Shelter, in partnership with council boroughs as well as Government Department of Communities and Local Government, reports that around 307,000 people that are local to London are homeless. This is an increase year over year, with many parts of the city devastated by homelessness in the community.
Not only has homelessness been increasing, but so has the number of people living in temporary accommodations. This includes hostels and shelters in London. Shelter reports that over 77,000 households do not have a permanent home to live in. The 77,000 households makes up hundreds of thousands of individuals, with tens of thousands of children not have a permanent home to live in. There are many homeless shelters in London, but they are not the same as permanent homes.
There are many reasons for these housing issues. One has to do with lack of new housing being built, and the other has to do with the increasing cost of monthly rent as well as total monthly cost, which is now at £1,556 per month per HomeLet. This is outside the living wage of many families that live in London.
Shelter also reports that welfare cuts are leading to housing challenges. With the transition to Universal Credit, the 4 year freeze on benefits from local housing allowance (LHA) assistance, as well as bedroom taxes and other changes are causing more families on a low income to struggle to pay for their rent. One missed paycheque, or emergency bill, when combined with benefit cuts can lead to a missed rent payment; and then eviction.
The authorities are trying to solve the crisis. In October 2017 the central government announced additional funds to go towards social housing in the UK. The assistance is part of the Affordable Homes Programme, and the total amount available is £9.1 billion. The government funding may help pay for as many as 120,000 new homes throughout London. Local councils, including those listed below, as well as their housing associations will ensure the money gets to the right parts of the city.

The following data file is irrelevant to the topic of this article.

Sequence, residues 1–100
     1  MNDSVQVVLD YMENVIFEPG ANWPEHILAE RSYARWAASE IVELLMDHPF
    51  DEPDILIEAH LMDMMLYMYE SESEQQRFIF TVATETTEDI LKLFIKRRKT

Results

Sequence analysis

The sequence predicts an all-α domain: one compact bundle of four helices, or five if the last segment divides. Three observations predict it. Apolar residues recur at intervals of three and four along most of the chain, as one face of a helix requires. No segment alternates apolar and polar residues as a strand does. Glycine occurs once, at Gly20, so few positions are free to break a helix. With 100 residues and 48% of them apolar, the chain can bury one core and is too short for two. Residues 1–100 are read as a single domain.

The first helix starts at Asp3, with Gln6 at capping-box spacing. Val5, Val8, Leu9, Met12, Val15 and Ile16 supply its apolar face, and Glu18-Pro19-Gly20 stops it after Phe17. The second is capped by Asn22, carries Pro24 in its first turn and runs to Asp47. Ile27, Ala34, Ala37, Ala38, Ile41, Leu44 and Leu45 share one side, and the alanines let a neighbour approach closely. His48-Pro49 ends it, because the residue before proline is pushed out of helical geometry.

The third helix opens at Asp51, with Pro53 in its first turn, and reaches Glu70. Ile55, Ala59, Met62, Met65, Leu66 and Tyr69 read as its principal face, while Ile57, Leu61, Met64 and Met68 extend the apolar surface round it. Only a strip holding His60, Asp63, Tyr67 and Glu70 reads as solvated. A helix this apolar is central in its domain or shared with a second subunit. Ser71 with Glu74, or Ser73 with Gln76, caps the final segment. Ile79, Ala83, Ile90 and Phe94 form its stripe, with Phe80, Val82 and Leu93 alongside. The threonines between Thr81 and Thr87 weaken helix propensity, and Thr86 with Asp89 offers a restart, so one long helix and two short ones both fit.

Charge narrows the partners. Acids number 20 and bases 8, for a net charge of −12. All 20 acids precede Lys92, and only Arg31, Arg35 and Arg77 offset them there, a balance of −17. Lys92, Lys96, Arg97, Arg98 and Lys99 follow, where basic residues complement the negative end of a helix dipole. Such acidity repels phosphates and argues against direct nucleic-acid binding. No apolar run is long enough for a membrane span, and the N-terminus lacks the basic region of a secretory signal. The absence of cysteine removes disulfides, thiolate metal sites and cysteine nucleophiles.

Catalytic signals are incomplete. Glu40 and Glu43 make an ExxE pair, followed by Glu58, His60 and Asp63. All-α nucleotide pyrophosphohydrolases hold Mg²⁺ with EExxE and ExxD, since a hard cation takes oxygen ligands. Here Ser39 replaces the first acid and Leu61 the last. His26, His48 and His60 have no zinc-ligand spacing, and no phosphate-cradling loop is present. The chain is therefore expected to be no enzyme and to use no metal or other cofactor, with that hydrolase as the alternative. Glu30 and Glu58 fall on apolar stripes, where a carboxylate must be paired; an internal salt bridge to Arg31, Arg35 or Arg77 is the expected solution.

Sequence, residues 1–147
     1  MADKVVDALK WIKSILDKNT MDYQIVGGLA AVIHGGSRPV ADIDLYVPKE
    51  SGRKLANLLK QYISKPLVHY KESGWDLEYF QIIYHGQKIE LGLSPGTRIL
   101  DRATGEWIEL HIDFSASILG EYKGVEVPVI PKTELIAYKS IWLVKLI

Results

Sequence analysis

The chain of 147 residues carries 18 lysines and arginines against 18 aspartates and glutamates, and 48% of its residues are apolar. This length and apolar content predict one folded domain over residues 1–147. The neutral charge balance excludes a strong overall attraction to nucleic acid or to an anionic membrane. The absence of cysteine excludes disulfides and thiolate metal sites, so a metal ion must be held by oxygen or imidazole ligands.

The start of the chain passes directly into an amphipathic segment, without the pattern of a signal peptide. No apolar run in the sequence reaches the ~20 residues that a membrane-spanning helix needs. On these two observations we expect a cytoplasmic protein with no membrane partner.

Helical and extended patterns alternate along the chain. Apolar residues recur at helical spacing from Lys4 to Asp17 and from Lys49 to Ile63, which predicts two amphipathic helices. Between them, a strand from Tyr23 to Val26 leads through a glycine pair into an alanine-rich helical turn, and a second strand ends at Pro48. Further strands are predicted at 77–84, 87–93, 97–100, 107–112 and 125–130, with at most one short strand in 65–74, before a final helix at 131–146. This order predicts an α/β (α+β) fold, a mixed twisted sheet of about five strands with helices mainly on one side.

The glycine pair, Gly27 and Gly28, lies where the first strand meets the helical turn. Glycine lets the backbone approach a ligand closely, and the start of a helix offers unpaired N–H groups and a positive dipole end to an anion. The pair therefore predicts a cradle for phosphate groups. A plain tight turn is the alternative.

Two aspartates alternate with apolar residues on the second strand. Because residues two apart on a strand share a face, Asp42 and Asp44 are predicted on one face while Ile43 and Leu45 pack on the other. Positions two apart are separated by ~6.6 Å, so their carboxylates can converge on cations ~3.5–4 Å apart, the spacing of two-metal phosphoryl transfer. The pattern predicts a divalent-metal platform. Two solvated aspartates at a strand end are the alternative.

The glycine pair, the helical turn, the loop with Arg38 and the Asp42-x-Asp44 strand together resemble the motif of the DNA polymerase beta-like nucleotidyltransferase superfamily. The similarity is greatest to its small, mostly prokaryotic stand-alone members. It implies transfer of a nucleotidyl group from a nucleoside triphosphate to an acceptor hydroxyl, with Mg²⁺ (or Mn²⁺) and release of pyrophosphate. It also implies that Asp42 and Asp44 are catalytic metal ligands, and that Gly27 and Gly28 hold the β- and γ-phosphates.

2017 Homelessness by borough
All areas are being hit by the crisis. The boroughs with the highest number of women, children, and men that are homeless include the following. They will be priority when it comes to money from the Affordable Homes Programme, though it will take years for the housing to be built.
- Newham has 13,607 people sleeping rough.
- Haringey council reports 9,717 without homes.
- Westminster – 8,054
- Enfield council reports that 10,057 are homeless.
- Kensington and Chelsea borough – 4,401
- Waltham Forest area – 7,634
- Brent – 8,905
- Barking and Dagenham area – 5,578
- Tower Hamlets borough – 7,428
- Hackney area has 6,167 people without a home to live in.
The problem is spread throughout the city of London. Those are only the top 10 boroughs that are impacted. But people in all other parts of the city are sleeping rough as well. Or they are living in shelters, hostels, or even couch surfing with a friend or family member.
Hopefully with the increased visibility being places on London homelessness in 2017, and the £9.1 billion in additional funds being paid out for housing, the crisis will resolve itself. While the homeless problem will never go away, hopefully the number will decrease and more people will find a stable home to live in.